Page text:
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Gensler tells lawmakers crypto exchanges taunt SEC saying ‘catch us if you can’

Gensler tells lawmakers crypto exchanges taunt SEC saying ‘catch us if you can’
Gary Gensler is being grilled on Capitol Hill.

Securities and Exchange Commission chair Gary Gensler defended his agency’s oversight of crypto markets at a House appropriations committee on Wednesday, saying that the industry is rife with conflicts of interest that hurt investors.

“They are taking investors’ funds and trading against the investors. And they’re saying, ‘Catch us if you can’. That’s the nature of the field right now,” Gensler said.

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Gensler told the committee that token entrepreneurs don’t offer consumers fair and faithful disclosure around their investment offerings.

“That’s the core. Of the 10,000 or 12,000 tokens out there, there are very few that don’t have a group of entrepreneurs in the middle that the public is counting on,” he said.

Asked if the SEC planned to issue any regulations for crypto, Gensler took his oft-repeated stance that US existing securities regulations are perfectly adequate for the budding crypto agency.

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Crypto crackdown

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Gensler avoided mention of any specific company. But his comments on conflicts of interest could apply to FTX, whose disgraced CEO Sam Bankman-Fried allegedly used commingled customer funds to make undisclosed venture investments, real-estate purchases and political donations.

Bankman-Fried has pleaded not guilty to criminal charges in relation to the crash of the exchange.

As part of a crypto industry crackdown that has been ongoing in the wake of the FTX scandal, the SEC last week served Coinbase with a Wells notice.

NOW READ: Gensler’s history hints at what’s coming next in the crypto crackdown

In response, the exchange’s legal officer repeated bitter complaints of the wider industry that while Gensler apparently sees almost all crypto assets – barring Bitcoin – to be securities, the process to actually register those securities proves impossibly complicated.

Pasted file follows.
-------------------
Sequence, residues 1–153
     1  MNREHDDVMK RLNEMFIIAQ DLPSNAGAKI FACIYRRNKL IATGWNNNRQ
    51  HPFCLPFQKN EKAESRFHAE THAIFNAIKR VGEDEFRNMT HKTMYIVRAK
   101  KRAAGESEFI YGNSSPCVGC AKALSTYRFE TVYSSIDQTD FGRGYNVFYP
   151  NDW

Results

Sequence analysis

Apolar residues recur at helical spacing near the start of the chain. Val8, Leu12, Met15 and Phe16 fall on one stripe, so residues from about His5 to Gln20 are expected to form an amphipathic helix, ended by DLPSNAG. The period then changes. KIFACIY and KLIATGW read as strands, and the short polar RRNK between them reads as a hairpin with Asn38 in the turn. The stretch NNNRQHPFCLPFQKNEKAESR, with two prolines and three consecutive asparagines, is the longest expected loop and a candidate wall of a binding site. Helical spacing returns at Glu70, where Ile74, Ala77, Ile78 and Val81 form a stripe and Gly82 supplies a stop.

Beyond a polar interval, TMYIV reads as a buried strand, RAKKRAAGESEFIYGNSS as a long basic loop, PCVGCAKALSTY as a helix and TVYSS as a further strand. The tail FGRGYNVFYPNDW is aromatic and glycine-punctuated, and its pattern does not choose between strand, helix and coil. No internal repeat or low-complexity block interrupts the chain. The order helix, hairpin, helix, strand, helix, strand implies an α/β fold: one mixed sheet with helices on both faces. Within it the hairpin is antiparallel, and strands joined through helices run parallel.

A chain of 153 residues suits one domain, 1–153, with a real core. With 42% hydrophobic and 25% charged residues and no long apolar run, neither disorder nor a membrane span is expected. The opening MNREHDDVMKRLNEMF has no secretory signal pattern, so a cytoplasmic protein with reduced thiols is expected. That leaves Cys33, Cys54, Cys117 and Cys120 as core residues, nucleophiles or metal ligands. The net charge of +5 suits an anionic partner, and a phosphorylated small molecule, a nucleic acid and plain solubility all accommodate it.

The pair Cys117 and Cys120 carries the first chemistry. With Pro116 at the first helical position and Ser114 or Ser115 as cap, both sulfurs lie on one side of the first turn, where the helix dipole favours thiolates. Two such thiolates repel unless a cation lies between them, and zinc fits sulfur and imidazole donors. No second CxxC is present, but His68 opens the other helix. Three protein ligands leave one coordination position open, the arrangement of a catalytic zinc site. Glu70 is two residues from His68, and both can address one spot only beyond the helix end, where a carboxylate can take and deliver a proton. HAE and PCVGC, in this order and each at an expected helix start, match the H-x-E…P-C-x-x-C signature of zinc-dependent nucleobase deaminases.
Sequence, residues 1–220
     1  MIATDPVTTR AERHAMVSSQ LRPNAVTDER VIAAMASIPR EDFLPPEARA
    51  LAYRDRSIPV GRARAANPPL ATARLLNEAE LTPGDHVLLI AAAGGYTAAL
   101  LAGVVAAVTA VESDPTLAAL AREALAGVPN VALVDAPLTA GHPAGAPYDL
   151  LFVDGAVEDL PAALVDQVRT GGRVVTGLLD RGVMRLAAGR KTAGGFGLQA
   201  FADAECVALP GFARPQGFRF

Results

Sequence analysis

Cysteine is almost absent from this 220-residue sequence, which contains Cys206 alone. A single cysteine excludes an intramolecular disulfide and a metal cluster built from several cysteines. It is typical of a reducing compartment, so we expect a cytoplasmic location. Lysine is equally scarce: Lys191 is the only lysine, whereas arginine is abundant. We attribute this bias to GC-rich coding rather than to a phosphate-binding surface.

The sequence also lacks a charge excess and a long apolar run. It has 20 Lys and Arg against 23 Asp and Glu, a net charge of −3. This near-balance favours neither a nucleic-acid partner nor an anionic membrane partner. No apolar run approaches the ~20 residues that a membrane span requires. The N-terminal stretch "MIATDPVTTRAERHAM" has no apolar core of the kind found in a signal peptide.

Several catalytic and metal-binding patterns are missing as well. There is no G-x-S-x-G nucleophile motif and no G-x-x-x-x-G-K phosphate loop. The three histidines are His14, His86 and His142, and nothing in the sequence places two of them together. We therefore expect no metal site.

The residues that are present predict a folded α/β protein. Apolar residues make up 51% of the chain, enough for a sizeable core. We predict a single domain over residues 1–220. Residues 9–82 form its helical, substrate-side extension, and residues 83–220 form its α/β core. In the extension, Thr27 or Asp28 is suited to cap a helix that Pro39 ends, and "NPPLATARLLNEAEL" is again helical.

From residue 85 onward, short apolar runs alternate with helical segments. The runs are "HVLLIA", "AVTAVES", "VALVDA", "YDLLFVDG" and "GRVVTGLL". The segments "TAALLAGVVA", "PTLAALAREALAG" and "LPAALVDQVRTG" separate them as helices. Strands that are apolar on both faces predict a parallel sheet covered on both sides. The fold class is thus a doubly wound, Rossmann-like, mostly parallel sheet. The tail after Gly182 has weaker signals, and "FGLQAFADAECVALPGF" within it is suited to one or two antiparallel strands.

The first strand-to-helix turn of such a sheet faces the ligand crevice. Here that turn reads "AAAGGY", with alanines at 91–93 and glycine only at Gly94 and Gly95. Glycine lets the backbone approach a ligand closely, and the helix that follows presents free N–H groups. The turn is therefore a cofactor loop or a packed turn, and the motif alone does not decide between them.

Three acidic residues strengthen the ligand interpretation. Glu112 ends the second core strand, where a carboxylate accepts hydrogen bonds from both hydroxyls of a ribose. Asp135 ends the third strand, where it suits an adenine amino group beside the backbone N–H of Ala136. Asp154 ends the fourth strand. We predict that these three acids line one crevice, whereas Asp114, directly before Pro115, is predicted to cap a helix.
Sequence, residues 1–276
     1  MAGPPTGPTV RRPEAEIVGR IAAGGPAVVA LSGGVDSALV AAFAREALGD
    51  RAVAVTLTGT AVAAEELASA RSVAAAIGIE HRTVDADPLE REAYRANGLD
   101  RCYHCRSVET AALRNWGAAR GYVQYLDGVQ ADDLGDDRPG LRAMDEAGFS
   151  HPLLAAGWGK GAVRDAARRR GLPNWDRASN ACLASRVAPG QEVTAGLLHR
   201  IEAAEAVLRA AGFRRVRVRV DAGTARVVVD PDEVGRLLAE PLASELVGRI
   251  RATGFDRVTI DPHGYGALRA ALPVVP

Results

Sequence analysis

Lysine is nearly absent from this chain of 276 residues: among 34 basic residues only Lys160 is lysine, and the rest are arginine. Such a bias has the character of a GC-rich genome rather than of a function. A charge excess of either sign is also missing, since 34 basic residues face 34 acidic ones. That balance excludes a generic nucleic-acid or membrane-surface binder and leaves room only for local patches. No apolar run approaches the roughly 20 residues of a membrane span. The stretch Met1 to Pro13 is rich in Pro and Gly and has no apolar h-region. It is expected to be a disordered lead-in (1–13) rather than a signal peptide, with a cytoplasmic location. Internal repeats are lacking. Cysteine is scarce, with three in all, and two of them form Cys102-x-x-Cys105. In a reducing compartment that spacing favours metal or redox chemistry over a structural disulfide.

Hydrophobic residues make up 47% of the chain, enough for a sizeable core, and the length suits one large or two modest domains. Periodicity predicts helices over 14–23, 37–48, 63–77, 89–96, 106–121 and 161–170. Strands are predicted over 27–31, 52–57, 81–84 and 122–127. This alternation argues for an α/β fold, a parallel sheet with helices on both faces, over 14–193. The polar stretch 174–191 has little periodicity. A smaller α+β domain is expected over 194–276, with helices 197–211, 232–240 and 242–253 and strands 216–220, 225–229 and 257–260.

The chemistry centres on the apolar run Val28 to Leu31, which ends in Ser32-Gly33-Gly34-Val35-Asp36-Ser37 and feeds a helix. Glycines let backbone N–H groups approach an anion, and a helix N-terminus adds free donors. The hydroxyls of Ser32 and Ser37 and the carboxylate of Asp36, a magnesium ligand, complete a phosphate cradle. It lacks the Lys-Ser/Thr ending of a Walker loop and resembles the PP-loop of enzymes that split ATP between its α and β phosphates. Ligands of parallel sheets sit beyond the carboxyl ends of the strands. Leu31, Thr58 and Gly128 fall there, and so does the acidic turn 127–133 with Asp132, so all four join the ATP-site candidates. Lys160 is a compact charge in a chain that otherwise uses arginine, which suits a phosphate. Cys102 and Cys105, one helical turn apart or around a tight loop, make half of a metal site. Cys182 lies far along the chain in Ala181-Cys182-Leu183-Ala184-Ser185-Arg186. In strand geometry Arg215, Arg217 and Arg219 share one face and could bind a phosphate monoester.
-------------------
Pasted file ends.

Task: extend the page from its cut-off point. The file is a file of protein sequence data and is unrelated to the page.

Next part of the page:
The SEC under Gensler has cracked down on several companies and individuals involved in the crypto industry.

This year has also seen the collapse of three banks with ties to the crypto industry. In addition, the federal banking regulators have discouraged banks from holding crypto assets on their balance sheets.

NOW READ: Bank meltdown crushes crypto regulation hopes: ‘Crypto in the US is dead’

Justifying his budget

Gensler has asked for 170 more staff in the 2024 fiscal year, on top of 400 more in 2023.

Asked if his agency had enough funding to police the crypto markets, Gensler responded, “We’re stretched thin. This is a small field compared to our vast $100 trillion capital markets, but it’s a field that has a significant amount of non-compliance in it.”

The SEC is partly funded by registration fees from firms it regulates, and partly by the federal government.

This means that every year, the SEC chair must go up before appropriations committees in the Senate and House to get his or her budget approved.

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Gensler said in a budget plan filed earlier this month that the capital markets, including crypto, have grown in size and complexity, and he wants to beef up the commission’s staff accordingly.

Gensler is next scheduled to testify before the House Financial Services Committee on April 18.

He has not testified before this committee since September 2021, and as Ron Hammond told DL News recently, lawmakers have been “champing at the bit to have him”.

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